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Accesses to the shared memory remain to be a major performance limitation in shared memory multiprocessors. Scalable multiprocessors with distributed memory also poses the problem of keeping the memory coherent. A large number of shared memory coherence mechanisms has been proposed to solve this problem. Their relative performance is, however, determined by the sharing behaviour of the workloads.
This paper presents a methodology to capture and visualise the sharing behaviour of a parallel program with respect to the choice coherence mechanisms. We identify four conceptual workload parameters: Spatial granularity, Degree of sharing, Access mode, and the Temporal Granularity.To demonstrate the effectiveness of the methodology, we have analysed the sharing behaviour of two parallel applications. The result is used to judge what shared memory coherence mechanism is most appropriate.
The shared memory paradigm of programming parallel applications for multiprocessors and other environments has emerged as the preferred paradigm over others, such as the message passing model. Several small-scale, bus-based, shared memory multiprocessors are now commercially available and there are numerous research projects going on with large-scale shared memory multiprocessors, e.g. [1, 15]. In addition, there are also a number of ongoing projects with aim to put a shared memory environment on distributed memory machines or to use a network of workstations as a shared memory multicomputer  In order to make shared memory multiprocessors scalable, focus has recently been on distributed shared memory where the memory is distributed among the processing nodes. Figure 1 shows a general view of such an architecture. A processor, together with some memory form a processing node. A number of processing nodes are interconnected with an interconnection network. The local memory of a processing node is directly accessible by the
processor. The contents in the memory of the other processing
nodes is accessible either directly, or through some software
mechanism. In both cases, at substantially higher cost
than for the local memory.
The distribution of memory across the processing nodes makes it very important to exploit the locality of reference of the parallel programs in order to minimise the average access time to shared memory. One approach to automate this has been to use memory coherence mechanisms so that shared variables may be replicated or automatically migrated between the processing nodes.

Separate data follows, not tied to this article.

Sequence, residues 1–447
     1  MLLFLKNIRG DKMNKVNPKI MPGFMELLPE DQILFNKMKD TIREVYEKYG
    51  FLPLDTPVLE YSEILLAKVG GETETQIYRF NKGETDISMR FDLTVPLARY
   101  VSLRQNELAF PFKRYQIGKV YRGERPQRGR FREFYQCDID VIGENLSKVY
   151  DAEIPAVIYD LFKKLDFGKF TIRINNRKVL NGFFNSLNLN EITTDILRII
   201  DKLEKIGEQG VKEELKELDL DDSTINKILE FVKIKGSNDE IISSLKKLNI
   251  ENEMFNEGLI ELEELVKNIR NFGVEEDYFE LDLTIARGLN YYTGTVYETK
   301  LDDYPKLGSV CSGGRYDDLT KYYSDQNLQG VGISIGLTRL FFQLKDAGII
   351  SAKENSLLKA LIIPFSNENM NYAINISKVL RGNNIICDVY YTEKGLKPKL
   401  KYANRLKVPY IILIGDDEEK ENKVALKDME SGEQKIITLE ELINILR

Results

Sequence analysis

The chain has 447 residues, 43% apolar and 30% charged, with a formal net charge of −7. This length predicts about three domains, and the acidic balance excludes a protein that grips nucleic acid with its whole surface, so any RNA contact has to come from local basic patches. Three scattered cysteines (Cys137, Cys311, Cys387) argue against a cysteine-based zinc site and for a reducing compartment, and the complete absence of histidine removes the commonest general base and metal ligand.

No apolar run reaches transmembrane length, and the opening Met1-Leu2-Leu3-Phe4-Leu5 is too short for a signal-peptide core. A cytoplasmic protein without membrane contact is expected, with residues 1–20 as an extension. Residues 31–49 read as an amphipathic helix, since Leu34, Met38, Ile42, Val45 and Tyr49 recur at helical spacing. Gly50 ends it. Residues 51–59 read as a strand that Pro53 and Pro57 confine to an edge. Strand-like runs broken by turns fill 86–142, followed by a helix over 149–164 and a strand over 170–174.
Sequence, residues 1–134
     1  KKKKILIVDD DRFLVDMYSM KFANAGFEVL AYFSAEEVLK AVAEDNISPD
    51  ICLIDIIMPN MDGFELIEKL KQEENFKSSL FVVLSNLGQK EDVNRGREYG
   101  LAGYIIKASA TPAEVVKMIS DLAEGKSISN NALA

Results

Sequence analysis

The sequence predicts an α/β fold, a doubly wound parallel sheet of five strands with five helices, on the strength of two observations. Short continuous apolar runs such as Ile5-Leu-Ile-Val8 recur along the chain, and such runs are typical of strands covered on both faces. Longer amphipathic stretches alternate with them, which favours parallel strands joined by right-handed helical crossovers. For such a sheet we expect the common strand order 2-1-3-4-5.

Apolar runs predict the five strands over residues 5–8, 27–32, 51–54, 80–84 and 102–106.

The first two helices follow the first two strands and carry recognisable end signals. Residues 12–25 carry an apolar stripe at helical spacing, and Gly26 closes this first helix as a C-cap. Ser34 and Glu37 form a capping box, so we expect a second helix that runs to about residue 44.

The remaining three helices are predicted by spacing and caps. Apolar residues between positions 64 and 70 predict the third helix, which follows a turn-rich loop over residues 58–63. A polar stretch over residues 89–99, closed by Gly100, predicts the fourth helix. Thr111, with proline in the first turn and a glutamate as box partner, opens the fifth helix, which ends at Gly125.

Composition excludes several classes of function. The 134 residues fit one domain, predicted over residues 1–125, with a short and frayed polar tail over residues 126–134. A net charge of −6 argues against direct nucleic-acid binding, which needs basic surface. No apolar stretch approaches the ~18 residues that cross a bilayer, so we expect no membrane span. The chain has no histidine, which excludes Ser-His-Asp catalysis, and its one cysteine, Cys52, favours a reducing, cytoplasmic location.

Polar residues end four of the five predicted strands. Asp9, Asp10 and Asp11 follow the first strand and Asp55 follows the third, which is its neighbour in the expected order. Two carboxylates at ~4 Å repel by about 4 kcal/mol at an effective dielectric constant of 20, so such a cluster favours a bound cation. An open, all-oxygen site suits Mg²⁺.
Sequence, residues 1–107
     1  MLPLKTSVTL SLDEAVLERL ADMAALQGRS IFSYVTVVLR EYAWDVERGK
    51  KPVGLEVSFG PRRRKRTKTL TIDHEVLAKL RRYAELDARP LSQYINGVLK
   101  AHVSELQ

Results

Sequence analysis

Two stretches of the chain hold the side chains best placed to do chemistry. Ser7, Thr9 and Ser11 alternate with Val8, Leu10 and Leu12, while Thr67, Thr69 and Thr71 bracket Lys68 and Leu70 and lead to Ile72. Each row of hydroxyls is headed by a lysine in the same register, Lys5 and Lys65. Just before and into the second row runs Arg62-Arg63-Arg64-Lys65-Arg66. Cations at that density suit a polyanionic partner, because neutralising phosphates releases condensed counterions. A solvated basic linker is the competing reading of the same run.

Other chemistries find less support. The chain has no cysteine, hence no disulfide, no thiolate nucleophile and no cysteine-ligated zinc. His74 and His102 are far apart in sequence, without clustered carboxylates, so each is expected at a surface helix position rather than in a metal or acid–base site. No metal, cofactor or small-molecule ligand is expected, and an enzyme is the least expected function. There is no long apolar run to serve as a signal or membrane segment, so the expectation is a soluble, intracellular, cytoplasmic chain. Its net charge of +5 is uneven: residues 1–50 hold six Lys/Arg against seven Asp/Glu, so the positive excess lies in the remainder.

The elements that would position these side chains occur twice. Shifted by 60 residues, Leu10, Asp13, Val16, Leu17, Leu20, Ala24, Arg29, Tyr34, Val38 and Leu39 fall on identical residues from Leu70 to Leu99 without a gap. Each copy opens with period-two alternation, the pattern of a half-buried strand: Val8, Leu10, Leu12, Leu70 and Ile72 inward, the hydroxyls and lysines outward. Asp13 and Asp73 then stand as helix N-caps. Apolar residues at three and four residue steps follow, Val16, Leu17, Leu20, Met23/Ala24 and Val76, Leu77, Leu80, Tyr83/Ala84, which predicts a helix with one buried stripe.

Several memory coherence mechanisms have been proposed in the literature [8, 14, 20]. They encompass both cache coherence maintenance and virtual page level management. The trend in these mechanisms are to make some assumptions on program behaviour in order to reduce complexity and implementation cost while still retaining good performance. The various memory coherence mechanisms have usually been evaluated by test implementations and using either synthetic workloads, or some anticipated representative set of programs. This is very time consuming and costly if a large number of mechanisms are to be compared. Instead of repetitively evaluate several coherence mechanisms based on intuitive reasoning, which is the usual case, a thorough understanding of the sharing behaviour can guide the designer in choosing a simple, but still efficient, coherence mechanism.
In this paper we define some concepts for reasoning about sharing behaviour in relation to the performance of shared memory coherence mechanisms. We have found that there are four critical parameters for describing the sharing
. . .
Figure 1. The distributed shared memory multiprocessor.
LMP LMP LMP
Visualising Sharing Behaviour in relation to Shared Memory Management
Mats Brorsson and Per Stenstr?m
Department of Computer Engineering, Lund University P.O. Box 118, S-221 00 LUND, Sweden
Proceedings of 1992 International Conference
on Parallel and Distributed Systems
Dec. 16-18, 1992, Hsinchu, Taiwan, R.O.C.
pages 528 - 536